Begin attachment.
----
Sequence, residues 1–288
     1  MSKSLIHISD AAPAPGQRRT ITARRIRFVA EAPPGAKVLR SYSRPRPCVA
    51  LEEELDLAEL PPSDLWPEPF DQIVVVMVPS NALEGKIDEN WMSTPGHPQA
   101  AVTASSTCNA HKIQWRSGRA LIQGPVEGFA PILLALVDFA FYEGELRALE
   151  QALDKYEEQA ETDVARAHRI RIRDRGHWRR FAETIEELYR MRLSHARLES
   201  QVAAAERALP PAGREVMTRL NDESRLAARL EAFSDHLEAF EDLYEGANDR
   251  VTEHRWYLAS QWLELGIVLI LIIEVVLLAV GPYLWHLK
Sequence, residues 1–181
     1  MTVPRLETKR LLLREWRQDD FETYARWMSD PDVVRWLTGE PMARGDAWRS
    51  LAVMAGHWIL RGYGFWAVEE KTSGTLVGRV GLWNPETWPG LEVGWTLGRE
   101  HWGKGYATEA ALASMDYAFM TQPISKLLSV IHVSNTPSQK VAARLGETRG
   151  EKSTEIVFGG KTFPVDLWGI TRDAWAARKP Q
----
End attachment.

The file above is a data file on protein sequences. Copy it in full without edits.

Sequence, residues 1–288
     1  MSKSLIHISD AAPAPGQRRT ITARRIRFVA EAPPGAKVLR SYSRPRPCVA
    51  LEEELDLAEL PPSDLWPEPF DQIVVVMVPS NALEGKIDEN WMSTPGHPQA
   101  AVTASSTCNA HKIQWRSGRA LIQGPVEGFA PILLALVDFA FYEGELRALE
   151  QALDKYEEQA ETDVARAHRI RIRDRGHWRR FAETIEELYR MRLSHARLES
   201  QVAAAERALP PAGREVMTRL NDESRLAARL EAFSDHLEAF EDLYEGANDR
   251  VTEHRWYLAS QWLELGIVLI LIIEVVLLAV GPYLWHLK
Sequence, residues 1–181
     1  MTVPRLETKR LLLREWRQDD FETYARWMSD PDVVRWLTGE PMARGDAWRS
    51  LAVMAGHWIL RGYGFWAVEE KTSGTLVGRV GLWNPETWPG LEVGWTLGRE
   101  HWGKGYATEA ALASMDYAFM TQPISKLLSV IHVSNTPSQK VAARLGETRG
   151  EKSTEIVFGG KTFPVDLWGI TRDAWAARKP Q